Tanisha Wright has won over Storm fans with improved play
Storm guard Tanisha Wright has cut down on turnovers and proved she can run the team in Sue Bird's absence.
Seattle Times staff reporter
Storm @ L.A. Sparks, 2 p.m., ESPN2
LOS ANGELES — This couldn't have happened last season.
Storm fans wouldn't have logged onto message boards and asked point guard Sue Bird not to play because of nagging injuries. Seattle wouldn't have extended a six-game lead in the Western Conference to eight.
Storm fans wouldn't be enjoying the play of Tanisha Wright.
Tanisha Wright? Remember her? The player many fans wanted traded because of her propensity for turnovers, especially in playoff games?
Now fans in KeyArena's Section 115 join to raise letters spelling her name. Others in Section 128 bring homemade signs. And game operations have to keep New Kids on the Block's "The Right Stuff" on cue for all the plays Wright has been making lately.
Wright has averaged 9.3 points and 10.7 assists in Seattle's past three games, two of those with Bird out of the lineup. She is averaging 9.4 points and 4.8 assists for the season.
"The maturity level is a lot higher," Wright said of her improved play. "Fans, they cheer for who they like, whether it's the home team or not. But I see the growth in it. They appreciate the growth in me and the maturity in my game."
Storm coach Brian Agler has always considered Wright a good ballhandler, even if Wright needed to be convinced. She was drafted 12th overall in 2005 by former Storm coach Anne Donovan, who kept Wright at the shooting guard role she played at Penn State.
But Agler likes more versatility in his offense and thought having Wright become a combo guard who could play either spot would open more opportunities to exploit Bird's shooting ability. And when Bird is out of the lineup, as she has been with back spasms, Wright can run the offense.
Bird is expected to return to the Storm (14-2) against Los Angeles (4-11) on Saturday.
"She's not somebody that wants to play the point," Agler said of Wright. "How T has been playing in Sue's absence, it has given us a chance to stay competitive. She's really embraced that and done it for the team."
Playing beside Jess Strom at Penn State, Wright, a 5-foot-11 running back-type on the court, never needed to handle the ball outside of slashing inside for layups. Wright, a three-time Big Ten defensive player of the year, never had more than eight assists in a college game.
Wright's years at Penn State were probably her most enjoyable, before this season.
Wright led the Nittany Lions to two Big Ten titles but the program has attracted more attention for former coach Rene Portland's "no lesbians" policy that was documented in the 2009 film "Training Rules."
"My experience with Rene and the rest of the staff that was there was absolutely wonderful," Wright said of Portland, who was sued by former player Jennifer Harris in 2006. Harris had been kicked off the team because Portland believed she was a lesbian.
"The girl who's claiming whatever she's claiming," Wright continued, "she was not the only lesbian player — even though she claims to not be a lesbian — on the team."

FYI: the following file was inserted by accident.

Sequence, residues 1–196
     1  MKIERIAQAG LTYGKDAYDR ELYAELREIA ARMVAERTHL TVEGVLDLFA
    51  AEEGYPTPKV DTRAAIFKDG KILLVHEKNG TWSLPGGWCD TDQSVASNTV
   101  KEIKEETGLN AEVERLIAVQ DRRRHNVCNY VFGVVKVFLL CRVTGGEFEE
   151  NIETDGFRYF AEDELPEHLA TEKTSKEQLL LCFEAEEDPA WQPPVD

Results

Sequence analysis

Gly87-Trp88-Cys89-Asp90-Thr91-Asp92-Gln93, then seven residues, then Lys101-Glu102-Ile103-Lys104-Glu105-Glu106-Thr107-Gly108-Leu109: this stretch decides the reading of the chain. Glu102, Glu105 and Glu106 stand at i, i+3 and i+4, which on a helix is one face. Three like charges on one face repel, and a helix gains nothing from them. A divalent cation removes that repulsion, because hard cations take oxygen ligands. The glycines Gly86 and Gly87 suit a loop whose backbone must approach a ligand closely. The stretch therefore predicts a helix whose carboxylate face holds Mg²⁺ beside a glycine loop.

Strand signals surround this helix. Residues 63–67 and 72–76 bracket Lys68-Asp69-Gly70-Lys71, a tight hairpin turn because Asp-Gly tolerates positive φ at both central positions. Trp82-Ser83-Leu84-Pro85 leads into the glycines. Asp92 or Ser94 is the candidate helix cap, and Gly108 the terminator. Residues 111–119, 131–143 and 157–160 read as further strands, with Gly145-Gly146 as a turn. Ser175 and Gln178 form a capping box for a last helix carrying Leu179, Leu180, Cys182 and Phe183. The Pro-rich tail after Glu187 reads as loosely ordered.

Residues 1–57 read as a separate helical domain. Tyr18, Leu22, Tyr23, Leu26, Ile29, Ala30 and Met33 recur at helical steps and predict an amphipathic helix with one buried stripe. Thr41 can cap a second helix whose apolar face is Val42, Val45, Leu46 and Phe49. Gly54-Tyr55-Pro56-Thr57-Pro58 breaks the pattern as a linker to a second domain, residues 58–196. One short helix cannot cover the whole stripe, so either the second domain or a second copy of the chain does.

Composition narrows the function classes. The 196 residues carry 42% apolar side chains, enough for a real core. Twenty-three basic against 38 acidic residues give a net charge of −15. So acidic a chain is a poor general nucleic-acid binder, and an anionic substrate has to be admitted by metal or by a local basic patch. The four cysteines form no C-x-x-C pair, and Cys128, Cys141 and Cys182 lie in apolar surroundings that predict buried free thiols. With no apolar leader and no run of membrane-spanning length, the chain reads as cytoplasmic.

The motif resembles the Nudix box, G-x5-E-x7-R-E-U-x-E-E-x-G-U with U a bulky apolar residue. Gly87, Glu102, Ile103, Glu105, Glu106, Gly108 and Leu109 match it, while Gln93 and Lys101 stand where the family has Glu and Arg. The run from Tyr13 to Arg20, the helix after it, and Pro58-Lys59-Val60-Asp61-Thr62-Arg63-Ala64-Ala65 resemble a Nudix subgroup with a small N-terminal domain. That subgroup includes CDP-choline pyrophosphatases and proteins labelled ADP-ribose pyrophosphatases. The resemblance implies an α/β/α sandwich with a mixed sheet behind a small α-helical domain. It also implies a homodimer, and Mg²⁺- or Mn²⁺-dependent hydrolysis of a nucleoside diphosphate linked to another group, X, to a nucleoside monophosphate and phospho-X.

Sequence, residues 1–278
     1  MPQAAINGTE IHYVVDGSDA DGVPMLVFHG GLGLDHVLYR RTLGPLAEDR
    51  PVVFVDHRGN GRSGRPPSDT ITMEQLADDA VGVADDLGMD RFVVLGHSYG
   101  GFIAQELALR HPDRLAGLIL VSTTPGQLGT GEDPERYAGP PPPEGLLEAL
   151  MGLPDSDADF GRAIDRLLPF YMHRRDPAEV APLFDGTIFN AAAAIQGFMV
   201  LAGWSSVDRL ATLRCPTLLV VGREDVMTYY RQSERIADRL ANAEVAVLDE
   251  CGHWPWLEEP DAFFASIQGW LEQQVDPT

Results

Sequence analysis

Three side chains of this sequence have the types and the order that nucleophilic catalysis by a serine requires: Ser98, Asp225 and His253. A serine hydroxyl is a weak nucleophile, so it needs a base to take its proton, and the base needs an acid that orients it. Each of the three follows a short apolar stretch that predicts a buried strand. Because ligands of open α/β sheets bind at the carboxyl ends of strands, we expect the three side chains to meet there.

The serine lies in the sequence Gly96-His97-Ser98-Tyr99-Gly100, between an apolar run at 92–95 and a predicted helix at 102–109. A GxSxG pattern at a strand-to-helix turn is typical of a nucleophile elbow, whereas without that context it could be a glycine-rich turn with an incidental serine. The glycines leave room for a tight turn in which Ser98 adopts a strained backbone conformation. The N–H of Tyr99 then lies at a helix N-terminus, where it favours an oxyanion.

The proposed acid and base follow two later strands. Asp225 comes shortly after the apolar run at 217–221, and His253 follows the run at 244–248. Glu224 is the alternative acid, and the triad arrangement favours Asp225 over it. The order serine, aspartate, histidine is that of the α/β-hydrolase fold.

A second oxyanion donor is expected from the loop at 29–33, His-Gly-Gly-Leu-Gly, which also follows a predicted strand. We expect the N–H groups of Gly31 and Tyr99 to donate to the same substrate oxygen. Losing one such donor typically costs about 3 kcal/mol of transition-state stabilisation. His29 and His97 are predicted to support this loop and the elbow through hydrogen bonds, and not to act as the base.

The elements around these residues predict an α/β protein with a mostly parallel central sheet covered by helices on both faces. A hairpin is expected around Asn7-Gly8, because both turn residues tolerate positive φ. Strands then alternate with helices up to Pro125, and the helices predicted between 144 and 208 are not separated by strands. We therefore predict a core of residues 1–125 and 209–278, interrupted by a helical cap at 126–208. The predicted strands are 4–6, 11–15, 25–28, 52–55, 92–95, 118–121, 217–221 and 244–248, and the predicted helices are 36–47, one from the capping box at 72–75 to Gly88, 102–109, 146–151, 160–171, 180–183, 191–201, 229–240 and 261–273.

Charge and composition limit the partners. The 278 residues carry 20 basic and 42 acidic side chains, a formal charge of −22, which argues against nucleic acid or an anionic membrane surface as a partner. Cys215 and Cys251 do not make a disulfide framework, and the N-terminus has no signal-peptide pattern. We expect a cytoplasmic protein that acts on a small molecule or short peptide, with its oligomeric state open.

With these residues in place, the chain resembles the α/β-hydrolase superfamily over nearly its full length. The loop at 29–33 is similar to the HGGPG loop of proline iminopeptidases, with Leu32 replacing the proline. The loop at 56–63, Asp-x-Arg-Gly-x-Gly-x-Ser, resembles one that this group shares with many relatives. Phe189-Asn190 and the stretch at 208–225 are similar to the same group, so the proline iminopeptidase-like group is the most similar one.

Harris, who says she is not a lesbian, settled the case with Portland out of court.
Wright, 26, still makes return trips to Penn State. She's a native of Pennsylvania who is proud of her roots. She's even happier the modest beginnings have finally translated to the WNBA after six seasons.
It wasn't without the help of Bird. Wright learned from playing alongside Bird and worked on tips she had picked up from Bird when she played overseas during the WNBA's offseasons. Wright bonded with Bird when Bird made a brief trip to Israel in 2007 to get dual citizenship.
Wright was named Israeli League MVP in 2007-08 as she guided Raanana Hertzeliya to the Finals, averaging 21.3 points and a league-leading 6.2 assists and 3.2 steals. The competition wasn't flooded with WNBA stars as it is in Russia, where Bird and Lauren Jackson play, but Wright didn't need that level of play at the time.
Overseas, she relaxed off the court, baking dishes like carrot cake and cornbread, and eased into being the primary leader on the court — overcoming language barriers and ball-handling insecurities.
"You establish yourself a little bit, if you're doing it year in and year out," said Wright, who will play her third season in Israel this offseason, signing with Ramla in June. "You have that type of confidence to put it in your hands and go from there."
The newfound confidence helped Wright guide Poland's Lotos Gdynia to its 11th league championship in May, playing with former WNBA point guard Erin Phillips. And who knows where it could take the Storm this summer.
"T has been doing a great job, but Sue pushes the ball more," said Storm reserve Svetlana Abrosimova, who runs the offense at times for Seattle, and for her Russian national team. "Tanisha likes to slow it down. That's her rhythm and somehow she finds those passes, too."
It also helps Wright to have a target like Jackson, the Storm star who averages 21.4 points.
"I'm not a big numbers person," Wright said of trading her turnovers for assists this season. "Brian brought it up, but in all honesty, it's just a part of the game to me. Once the game is over and I'm home relaxing, that's what I'm about."
And now, fans can relax, too.
Jayda Evans: 206-464-2067 or email@example.com
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